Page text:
Potbellied Pig Care
Potbellied Pigs can be one of the most endearing companion animals we have the opportunity to bring into our families. They can also be very challenging. Potbellied Pigs are herd animals and enjoy the company of other pigs. When not with other pigs, they will bond with their human families. However, they do better when living with other pigs. They should always have companions. We have seen pigs bond with goats, chickens, and dogs. Given the chance to be with other pigs, they will immediately gravitate to their own. If you are considering your first Potbellied Pig, it is a good idea to start with one and create a bond with her, with the idea that another pig will probably be added to your family later.
Smarter than dogs, they are easy to train. Like dogs, it takes time and patience. Pigs can be housetrained, and can live quite happily in the home. They do not normally leave their waste in the area where they sleep, so training them to go outside is very possible. However, it will take training.
A quick way to teach your pig to trust you, remember they are prey animals so trusting humans is not a natural instinct, is to sit on the floor with food in your lap. Because of their high intelligence, Pigs "get it" when humans offer friendship.
They do have natural instincts to strive for a position in the family hierarchy. This can create problems if the pig feels a need to assert dominance over a new family member. Potential problems can be averted with training and patience.
PBP's like to root. They need a secure outside place where they dig up soil. This area must be secure so that the garden isn't destroyed and to protect the pig from hazardous materials, toxic plants, escaping, or generally getting into trouble. They are capable of breaking pvc, (plastic), pipes and pushing through fencing or other barriers. Pigs are very, VERY, strong.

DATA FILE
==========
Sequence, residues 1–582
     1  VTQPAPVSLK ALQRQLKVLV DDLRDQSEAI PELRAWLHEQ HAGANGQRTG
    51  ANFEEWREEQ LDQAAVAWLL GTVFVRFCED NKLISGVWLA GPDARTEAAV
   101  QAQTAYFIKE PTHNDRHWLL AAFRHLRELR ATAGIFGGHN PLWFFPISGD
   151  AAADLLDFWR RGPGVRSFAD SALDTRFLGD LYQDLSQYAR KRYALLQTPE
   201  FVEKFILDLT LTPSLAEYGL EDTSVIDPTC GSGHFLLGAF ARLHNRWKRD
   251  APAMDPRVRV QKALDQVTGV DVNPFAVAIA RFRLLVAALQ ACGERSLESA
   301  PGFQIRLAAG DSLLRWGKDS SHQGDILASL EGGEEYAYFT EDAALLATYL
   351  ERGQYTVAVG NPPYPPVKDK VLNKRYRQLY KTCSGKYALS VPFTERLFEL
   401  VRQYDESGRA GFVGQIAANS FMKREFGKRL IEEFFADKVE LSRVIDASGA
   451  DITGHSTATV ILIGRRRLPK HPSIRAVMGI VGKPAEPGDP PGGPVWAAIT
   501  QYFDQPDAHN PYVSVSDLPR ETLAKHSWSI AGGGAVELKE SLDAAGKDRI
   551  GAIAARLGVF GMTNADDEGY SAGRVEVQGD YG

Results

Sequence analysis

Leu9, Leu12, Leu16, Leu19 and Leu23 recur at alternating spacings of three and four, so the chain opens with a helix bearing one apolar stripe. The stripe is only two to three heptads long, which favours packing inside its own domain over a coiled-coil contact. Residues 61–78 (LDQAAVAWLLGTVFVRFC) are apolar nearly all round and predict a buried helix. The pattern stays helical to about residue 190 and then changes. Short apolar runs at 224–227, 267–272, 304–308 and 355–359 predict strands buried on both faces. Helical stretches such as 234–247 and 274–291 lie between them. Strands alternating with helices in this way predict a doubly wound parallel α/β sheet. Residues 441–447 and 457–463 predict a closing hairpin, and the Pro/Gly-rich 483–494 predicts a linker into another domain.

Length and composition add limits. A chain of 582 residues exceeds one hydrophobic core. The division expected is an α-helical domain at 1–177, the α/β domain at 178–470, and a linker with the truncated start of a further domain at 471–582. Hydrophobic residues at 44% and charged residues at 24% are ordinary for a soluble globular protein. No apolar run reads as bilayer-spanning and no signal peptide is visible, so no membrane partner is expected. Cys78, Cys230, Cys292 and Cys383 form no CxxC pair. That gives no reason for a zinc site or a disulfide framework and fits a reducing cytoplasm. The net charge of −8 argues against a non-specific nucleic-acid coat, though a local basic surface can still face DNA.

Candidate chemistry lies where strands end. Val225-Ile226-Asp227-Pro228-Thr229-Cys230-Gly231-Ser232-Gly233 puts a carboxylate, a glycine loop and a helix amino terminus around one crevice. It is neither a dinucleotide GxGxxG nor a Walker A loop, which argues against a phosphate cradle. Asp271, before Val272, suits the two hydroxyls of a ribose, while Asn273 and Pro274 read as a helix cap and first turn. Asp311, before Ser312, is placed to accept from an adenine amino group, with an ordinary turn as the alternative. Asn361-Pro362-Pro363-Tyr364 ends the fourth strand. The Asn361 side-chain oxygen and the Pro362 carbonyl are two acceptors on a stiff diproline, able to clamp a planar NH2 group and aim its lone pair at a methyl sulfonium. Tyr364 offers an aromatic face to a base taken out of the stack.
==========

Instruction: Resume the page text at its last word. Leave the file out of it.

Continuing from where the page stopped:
Pigs can live outside but need shelter from cold and wet weather. They are best kept at temperatures between seventy five and ninety degrees. Though more cold sensitive than heat sensitive, summer weather means providing them with shade and, ideally, a mud bath to stay cool. Never wet a pig down to cool them off. Apply water only to the stomach to avoid shock.
Pigs like to sleep in snuggly beds. Straw or old non-electric blankets, (some electric blanket have asbestos, a hazardous material, in them), are good bedding materials.
Potbellied Pigs generally weigh around 100 lbs when fed correctly. They can reach 300 lbs if overfed, and they never stay at 40 lbs unless starving. After neutering, males become very food aggressive.
Choosing the right food for PBPs can be challenging. Though there are many brands available, some can be detrimental to their health. It is important that the feed not contain too much ash and be higher in fiber than the feed manufactured for "farm pigs." The most widely available feed that promotes good health is manufactured by Purina Mills; Mazuri Mini Pig food. It is available for different age groups and can be ordered by any animal or feed supply stores that carry Purina Mills products. When feeding your pigs, it is important to know what they weigh because the amount of feed given is relevant to their body weight. Check with your vet for this information.